Chess Middlegame Moves
middlegame is the most complicated part of the game. All forces have
been developed and are ready to fight. Players have to take into account
both the tactical possibilities and the strategic factors to make
sensible decisions. The analysis made will have to be summarized in a
simple and comprehensive plan which the chess player will have to
follow. Note that it is always better to play upon a bad or inferior
plan than on no plan at all.
When the position is getting wild, there is no need to care about
strategic factors. Calculation of variations is the only priority, for
strategic considerations will not compensate for the material lost due
to tactical inaccuracy. In the contrary, if the position is somewhat
"quiet" you should try to evaluate it based on its strategic factors.
Most of the positions lie somewhere in between, having both tactical
possibilities and strategic concerns.
There are several key strategic factors that affect one's evaluation of
the position. The most important are: 1. Open files, ranks, diagonals 2.
Well-placed and badly-placed pieces 3. Pawn configuration in the center
4. Space superiority 5. King safety 6. Strong and weak squares. All of
them will be discussed in brief.
1. Open files, ranks, diagonals: Possession of an open file, rank
or diagonal is important, since no enemy piece may step on it, unless
supported. If the game is closed, an open file may be the most important
factor and both players will try to control it by moving their rooks on
it, maybe the queen as well.
2. Well-placed and badly-placed pieces: Sometimes a piece is
ideally placed on a position, controlling important squares and exerting
pressure on the opponent. Its owner will try to exploit this fact by
constructing threats, while the opponent will try to either drive it
away or exchange it. On the other hand, a badly-placed piece will need
relocation, which will cost one or more tempi or just may not be
3. Pawn configuration in the center: The arrangement of the
central pawns often determines the best plan. If pawns are blocked (we
talk about a fixed center), there are few tactical possibilities in the
center and the play is transferred to the wings. If the pawns are not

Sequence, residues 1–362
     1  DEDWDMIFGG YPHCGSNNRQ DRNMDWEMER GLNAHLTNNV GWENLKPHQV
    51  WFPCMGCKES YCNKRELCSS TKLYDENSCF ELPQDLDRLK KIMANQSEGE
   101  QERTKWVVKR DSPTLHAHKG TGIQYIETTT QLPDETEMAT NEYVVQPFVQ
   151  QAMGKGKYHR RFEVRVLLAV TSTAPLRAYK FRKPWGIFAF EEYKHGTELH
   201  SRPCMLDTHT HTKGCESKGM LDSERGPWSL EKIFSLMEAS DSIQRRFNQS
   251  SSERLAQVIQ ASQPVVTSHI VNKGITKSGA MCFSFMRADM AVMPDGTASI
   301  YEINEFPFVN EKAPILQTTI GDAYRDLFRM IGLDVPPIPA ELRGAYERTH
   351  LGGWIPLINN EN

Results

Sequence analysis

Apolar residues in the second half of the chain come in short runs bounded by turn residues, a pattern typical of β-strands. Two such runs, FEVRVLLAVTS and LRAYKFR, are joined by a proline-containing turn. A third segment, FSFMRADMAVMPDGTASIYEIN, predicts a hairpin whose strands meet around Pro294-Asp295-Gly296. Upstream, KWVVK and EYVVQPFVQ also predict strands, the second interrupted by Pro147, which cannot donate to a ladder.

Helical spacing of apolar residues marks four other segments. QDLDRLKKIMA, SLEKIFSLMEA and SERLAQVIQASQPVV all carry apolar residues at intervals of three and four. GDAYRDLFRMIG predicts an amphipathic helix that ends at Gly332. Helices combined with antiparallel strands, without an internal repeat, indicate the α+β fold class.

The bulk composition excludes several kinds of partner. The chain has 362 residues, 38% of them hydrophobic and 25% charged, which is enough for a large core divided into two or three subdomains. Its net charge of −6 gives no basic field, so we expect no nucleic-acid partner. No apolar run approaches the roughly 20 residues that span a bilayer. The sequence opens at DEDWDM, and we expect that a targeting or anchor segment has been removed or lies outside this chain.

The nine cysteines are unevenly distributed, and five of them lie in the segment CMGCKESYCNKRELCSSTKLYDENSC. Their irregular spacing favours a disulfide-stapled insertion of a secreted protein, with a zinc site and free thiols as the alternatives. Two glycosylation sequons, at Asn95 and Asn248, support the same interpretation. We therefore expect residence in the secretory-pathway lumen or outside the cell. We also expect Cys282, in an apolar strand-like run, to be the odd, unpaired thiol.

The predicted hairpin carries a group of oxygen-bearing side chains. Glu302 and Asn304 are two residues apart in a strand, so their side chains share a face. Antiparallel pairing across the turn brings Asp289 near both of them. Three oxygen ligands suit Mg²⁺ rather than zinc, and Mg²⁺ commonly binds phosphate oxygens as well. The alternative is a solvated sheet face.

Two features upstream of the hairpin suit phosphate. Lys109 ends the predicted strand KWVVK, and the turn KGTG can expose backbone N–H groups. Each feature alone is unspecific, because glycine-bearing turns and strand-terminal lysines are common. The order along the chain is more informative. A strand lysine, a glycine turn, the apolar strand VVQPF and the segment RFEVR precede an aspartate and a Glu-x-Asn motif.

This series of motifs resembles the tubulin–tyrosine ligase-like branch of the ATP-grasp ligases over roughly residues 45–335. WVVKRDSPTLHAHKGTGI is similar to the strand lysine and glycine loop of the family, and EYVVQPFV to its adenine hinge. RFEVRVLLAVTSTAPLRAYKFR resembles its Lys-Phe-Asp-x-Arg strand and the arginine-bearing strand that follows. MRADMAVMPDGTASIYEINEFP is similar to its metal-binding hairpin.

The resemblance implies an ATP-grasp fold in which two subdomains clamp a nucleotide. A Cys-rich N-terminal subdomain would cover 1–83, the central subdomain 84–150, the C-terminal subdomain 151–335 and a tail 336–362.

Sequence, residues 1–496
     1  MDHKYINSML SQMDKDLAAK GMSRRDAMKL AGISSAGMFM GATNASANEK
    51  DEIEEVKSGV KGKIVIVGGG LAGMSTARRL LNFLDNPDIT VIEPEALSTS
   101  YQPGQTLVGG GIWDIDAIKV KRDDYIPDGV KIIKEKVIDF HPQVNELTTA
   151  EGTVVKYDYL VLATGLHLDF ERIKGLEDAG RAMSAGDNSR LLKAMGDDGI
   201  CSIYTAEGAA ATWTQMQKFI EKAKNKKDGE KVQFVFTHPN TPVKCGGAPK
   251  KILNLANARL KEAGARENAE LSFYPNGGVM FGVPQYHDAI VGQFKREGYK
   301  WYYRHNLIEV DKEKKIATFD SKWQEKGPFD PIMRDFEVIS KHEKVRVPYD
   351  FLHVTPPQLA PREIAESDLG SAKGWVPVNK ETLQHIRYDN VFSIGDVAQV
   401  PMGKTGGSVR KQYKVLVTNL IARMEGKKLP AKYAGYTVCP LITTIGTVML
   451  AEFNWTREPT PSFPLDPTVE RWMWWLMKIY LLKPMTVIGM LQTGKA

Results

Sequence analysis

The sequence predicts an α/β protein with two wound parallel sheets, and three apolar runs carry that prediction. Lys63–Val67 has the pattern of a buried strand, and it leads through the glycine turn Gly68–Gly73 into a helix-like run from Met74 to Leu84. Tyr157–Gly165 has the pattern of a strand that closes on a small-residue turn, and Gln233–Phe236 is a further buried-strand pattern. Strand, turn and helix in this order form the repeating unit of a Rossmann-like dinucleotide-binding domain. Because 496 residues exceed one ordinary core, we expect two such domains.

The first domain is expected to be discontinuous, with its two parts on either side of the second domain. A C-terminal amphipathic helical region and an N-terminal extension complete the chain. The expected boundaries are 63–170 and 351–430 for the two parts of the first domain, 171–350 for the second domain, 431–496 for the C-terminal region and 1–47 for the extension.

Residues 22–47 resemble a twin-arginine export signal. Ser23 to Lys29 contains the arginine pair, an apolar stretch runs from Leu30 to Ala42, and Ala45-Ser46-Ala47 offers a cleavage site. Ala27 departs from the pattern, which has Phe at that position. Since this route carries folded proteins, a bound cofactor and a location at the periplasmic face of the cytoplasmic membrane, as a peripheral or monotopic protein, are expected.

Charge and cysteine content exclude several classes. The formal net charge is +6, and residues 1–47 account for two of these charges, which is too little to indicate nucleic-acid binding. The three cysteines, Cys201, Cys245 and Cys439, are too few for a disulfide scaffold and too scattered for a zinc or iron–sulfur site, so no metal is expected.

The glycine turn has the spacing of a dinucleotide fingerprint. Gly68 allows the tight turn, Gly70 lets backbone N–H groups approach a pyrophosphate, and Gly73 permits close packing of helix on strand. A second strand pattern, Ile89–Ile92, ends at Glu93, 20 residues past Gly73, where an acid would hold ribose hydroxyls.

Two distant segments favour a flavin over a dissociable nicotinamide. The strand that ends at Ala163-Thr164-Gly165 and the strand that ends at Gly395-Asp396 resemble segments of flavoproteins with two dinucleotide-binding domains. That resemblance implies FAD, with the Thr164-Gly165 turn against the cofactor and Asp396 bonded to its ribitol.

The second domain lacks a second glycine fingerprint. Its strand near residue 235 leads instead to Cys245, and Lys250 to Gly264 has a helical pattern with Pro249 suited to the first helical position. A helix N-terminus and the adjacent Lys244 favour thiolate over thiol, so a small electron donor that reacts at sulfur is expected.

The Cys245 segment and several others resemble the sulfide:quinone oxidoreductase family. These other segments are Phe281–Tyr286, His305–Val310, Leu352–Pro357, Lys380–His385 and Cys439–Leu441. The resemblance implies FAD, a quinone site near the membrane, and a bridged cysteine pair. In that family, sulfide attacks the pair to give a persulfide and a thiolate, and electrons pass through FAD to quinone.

blocked there may be thrusts, which will usually require tactical
consideration. Or there may be no pawns at all; then the players try to
control the center with their pieces. One needs to know all the pawn
types – free, blocked, backward, isolated, doubled and hung pawns – to
have a full understanding of the center type.
4. Space superiority: A player who has the space superiority has
more freedom in his moves than his opponent does. This gives him the
initiative, that is, the right to threat (or attack) first and have the
opponent defend. However, space superiority is not sufficient to
determine a big advantage.
5. King safety: An exposed or semi-exposed King may have serious
problems if the opponent attacks him. King safety is required to start
executing a plan or it will be suspended as soon as the opponent starts
threatening the King. The King is safer when he has castled and his
pawns have not advanced. One or two pieces around will help his Majesty
feel even safer.
6. Strong and weak squares: A square that can not be properly
controlled by a player is a weak square. On the other hand, the same
square is strong for the other player, who may exploit it to penetrate
into the enemy territory. Strong squares are ideal for placing pieces.
Note that squares occupied by pawns are not strong squares.
Some brief explanations about the various pawn types are given below:
1. Free pawn: The free pawn has somehow gotten rid of all
enemy pawns in his way and can march to the promotion square more
easily. A free pawn is a big advantage, especially if it is supported by
2. Isolated pawn: The isolated pawn is a pawn that has no pawn
support, for example a d-pawn with no e- or c-pawn of the same color. It
is considered to be both an advantage and a weakness. It usually offers
some space and increases the other pieces mobility, but it will be a
target for the opponent, since it can not be supported easily.
3. Double pawns: Doubled pawns are pawns of the same color on the
same file. It is a weakness that needs defending. In rare cases (central
doubled pawns) it may have some space advantages.
4. Backward pawn: The backward pawn has not advanced as much as
its neighbors and is always a target.
A principle that applies is that one should attack where he is better.
If the opponent has a weakness, it is correct to try to exploit it by
putting more pressure (eg. a weak pawn should be threatened). If the
opponent has no serious weaknesses, it is correct to try to produce some
for him (eg. pawn exchanges that will leave him with a weak pawn).